DD2 actually asked me the other day about contraceptives and about when I became sexually active. I had no problem talking about contraceptives, though if you boil my answer down to its most basic, the take home message is that all contraceptive methods are imperfect and if you're not ready to accept the potential consequences of birth control failure, you shouldn't be having sex.
The second part of her question I skirted around. I told her vaguely that I was older than she is (she's 15, I was 16) and that I had no guidance and really wasn't ready.
Then we talked about why she was curious. She is thinking about this stuff but doesn't have a love interest right now so it doesn't seem concrete and imminent. I hope she will continue to be open with me so she's not going through confusing things without guidance, and that I'll recognize the signs if things are changing with her.
I don't know if I really want or need to read more on talking to them about sex, after all. I have given them enough information to understand how their bodies work and how reproduction works, we've talked about abstinence and contraceptives, and they know that across the board, I will always accept and love them and ultimately support them, even when I disagree with their choices. I think if I tried to talk with them more about sex it would feel forced and uncomfortable because discussing such matters in detail- with anyone- is really hard for me, and I think I can accept that about myself without pushing too hard to change...
mama to two teens and two tots madly in love with DP
I love this thread! It's fabulous to find parents who are prepared to wrestle with the issues of their children and sexuality. It's not at all an easy thing to do....sharing values that are sometimes different than the ones that we grew up with or where a partner's values are somewhat different than our own, or when a community's values are in conflict with our own.
As parents we are always needing to challenge our assumptions and the lessons we learned as kids. And where sex and sexuality is concerned, our earliest learnings were not always the most comprehensive or respectful of our right to know about our bodies.
My kids are young (9 and 6) but I hope that when they decide to become sexually active (which means kissing onward) they do so equipped with sound information and with the ability to communicate openly with their partners. My job (which started with naming their genitalia properly) is to teach them to understand and love their bodies (and the pleasure it can feel) and to understand the power that sex can hold and which must be weilded with the utmost care.
I started a blog for parents looking to confront and wrestle with these issues. Thought folks here might be interested. www.sexplainer.com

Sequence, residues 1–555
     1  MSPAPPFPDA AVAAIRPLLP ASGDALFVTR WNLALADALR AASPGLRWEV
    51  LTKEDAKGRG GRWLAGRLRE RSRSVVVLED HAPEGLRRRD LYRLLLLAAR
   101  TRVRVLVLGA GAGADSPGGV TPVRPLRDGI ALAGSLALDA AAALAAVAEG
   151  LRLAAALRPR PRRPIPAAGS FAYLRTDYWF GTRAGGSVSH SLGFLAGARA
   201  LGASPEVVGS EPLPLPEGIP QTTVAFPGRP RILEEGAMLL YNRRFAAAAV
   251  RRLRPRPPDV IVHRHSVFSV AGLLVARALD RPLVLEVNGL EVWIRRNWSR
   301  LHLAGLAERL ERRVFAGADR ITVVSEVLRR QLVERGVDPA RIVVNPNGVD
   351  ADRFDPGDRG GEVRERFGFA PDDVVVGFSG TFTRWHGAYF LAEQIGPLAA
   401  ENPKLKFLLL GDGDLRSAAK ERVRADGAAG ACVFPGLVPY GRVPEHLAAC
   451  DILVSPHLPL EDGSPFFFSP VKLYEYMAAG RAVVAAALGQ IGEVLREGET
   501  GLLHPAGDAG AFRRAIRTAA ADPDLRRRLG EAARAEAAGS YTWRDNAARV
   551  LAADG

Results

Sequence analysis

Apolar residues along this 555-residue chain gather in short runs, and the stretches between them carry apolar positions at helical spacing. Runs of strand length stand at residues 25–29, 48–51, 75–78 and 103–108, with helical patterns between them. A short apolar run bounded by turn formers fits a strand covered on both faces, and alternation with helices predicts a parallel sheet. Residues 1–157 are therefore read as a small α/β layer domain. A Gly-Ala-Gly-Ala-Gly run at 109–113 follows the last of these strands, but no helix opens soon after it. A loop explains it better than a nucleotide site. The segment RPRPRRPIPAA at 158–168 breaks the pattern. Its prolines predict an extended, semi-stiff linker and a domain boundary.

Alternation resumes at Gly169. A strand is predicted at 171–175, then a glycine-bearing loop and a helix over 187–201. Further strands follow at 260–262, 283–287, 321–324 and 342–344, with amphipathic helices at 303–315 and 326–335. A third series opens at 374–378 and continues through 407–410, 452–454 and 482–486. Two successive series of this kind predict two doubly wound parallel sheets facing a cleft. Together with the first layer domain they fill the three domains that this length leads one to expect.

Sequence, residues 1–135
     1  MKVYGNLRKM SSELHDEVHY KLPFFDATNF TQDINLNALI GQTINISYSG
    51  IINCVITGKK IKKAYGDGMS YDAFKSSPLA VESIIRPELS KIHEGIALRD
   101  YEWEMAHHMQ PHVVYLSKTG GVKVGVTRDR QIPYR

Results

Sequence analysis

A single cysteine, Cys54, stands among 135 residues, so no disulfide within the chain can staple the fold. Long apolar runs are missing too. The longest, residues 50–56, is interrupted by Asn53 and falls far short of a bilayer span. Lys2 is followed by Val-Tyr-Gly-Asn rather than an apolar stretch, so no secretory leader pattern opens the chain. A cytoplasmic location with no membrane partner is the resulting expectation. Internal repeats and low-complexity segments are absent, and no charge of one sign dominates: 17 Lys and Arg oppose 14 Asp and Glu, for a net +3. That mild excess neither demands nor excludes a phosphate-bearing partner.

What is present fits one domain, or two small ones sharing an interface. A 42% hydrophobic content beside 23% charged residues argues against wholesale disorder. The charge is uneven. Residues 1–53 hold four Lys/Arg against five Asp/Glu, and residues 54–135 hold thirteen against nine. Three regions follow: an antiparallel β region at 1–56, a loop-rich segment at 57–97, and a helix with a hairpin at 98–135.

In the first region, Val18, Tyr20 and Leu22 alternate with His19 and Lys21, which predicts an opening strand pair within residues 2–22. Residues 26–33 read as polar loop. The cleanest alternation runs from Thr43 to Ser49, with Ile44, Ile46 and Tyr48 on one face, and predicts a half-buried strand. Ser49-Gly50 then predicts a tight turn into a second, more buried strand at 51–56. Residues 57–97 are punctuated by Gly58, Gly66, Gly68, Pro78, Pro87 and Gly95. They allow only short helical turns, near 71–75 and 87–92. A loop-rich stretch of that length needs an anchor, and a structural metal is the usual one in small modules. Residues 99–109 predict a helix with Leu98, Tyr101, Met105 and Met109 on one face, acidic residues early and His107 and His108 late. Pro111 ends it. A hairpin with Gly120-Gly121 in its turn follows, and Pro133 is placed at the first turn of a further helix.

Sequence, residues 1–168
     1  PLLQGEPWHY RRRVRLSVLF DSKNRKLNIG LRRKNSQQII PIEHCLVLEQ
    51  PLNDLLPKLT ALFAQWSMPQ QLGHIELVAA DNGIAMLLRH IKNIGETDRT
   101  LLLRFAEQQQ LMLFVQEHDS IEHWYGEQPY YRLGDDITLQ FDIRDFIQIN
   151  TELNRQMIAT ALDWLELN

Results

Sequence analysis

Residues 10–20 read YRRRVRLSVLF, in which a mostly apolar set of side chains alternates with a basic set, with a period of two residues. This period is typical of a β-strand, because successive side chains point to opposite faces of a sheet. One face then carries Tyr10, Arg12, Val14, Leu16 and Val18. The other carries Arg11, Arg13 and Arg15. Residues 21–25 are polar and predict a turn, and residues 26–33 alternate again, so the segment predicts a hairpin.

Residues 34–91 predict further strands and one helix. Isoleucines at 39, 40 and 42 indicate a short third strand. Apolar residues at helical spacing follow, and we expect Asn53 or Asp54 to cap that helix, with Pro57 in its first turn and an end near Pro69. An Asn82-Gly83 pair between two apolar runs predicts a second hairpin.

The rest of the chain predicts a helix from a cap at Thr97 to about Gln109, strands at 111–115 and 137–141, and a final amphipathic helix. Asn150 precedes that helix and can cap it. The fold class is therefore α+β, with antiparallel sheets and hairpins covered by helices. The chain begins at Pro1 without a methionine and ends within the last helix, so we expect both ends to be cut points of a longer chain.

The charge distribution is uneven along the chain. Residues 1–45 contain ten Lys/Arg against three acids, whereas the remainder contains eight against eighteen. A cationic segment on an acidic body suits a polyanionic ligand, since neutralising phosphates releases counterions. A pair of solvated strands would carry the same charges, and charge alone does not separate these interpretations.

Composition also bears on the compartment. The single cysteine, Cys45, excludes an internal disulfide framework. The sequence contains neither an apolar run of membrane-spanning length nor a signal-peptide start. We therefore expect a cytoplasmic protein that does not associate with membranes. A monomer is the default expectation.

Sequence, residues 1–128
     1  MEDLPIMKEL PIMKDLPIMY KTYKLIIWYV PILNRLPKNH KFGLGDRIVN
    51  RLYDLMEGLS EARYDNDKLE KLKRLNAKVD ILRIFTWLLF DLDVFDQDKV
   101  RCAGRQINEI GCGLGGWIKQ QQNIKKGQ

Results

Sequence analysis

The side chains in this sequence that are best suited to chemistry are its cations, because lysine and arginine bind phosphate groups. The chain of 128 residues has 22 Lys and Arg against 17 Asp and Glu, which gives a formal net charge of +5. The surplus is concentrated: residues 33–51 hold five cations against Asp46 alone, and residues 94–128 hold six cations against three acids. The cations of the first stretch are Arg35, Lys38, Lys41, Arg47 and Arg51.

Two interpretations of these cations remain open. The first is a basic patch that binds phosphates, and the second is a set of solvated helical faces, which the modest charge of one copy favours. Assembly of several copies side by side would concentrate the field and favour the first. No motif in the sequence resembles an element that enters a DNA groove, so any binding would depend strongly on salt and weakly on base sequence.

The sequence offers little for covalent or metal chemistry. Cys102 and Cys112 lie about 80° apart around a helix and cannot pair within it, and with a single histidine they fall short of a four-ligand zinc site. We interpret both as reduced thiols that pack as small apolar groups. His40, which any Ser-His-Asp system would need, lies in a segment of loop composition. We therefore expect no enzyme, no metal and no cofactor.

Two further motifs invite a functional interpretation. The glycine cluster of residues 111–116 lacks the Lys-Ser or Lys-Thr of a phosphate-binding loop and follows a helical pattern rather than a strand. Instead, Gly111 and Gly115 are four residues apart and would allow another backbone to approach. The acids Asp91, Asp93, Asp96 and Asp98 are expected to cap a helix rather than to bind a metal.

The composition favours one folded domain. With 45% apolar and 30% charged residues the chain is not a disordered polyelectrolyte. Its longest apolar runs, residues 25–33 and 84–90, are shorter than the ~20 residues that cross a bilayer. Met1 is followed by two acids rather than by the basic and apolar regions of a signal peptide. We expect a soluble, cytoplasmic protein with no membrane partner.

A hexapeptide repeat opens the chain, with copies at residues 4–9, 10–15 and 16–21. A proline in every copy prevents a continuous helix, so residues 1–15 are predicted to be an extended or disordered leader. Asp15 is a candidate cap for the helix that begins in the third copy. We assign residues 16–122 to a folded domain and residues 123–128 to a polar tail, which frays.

I think a lot of parents dread this. My dh and I have all girls, somehow girls are thought of as being more likely to get hurt by sexual relationships, but I don't beleive that. Yes, girls are the ones who can get pregnant, but in most cases that can be avoided.
I did make sure my girls knew (know) the parts of their bodies as small children, learned things organically as they got older. I'm not comfortable sharing MY sex life with my kids, it just isn't their business, but they know their father and I are in love and make love and I'm guessing that's a good role model behavior.
I did tell my girls about birth control options. I had a diaphragm when I was 17, used foam the first few times and it left me feeling nervous, so I finally got on the Pill and it was a relief. I wanted to go to college, and didn't want children too early. I know our oldest one chose The Pill at 16, but somehow she was amazed that I knew she was on The Pill. She told me the first time she had sex, she was in love, they used The Pill AND a condom and I just sat and nodded as she told me and hoped she wouldn't go into any detail, in fact I asked her not to. What was I going to say. The second girl was quite a bit older. She was a late bloomer, and I remember having to reprimand her older sister for teasing her at 18 because she was still a virgin. I made it clear to our older girl that when her younger sister had a physical relationship with an other person was her decision, not mine and not her sister's. I think she was around 19, but she plays her cards close to the chest and I don't try to pry things out of her. She's 25 now and has had the same boy friend since she was 18 and they've gone on vacation together, so it's same in assuming they've been having sex for years. I know I instilled the idea of using some form of birth control and making sure they were with someone they trusted and hopefully love.
Our youngest dd, I don't know. She's only 13 now and doesn't seem the least bit interested in boys. She does have Aspergers Syndrome and doesn't really seek out a great deal of social stimulation outside of school, so it could be a while.
I always have an updated version of Our Bodies Ourselves in the bathroom or on the dining room table, and my oldest really enjoyed reading it. My middle and youngest kids call it "Mom's hippy feminist sex book." *sigh* I'm trying.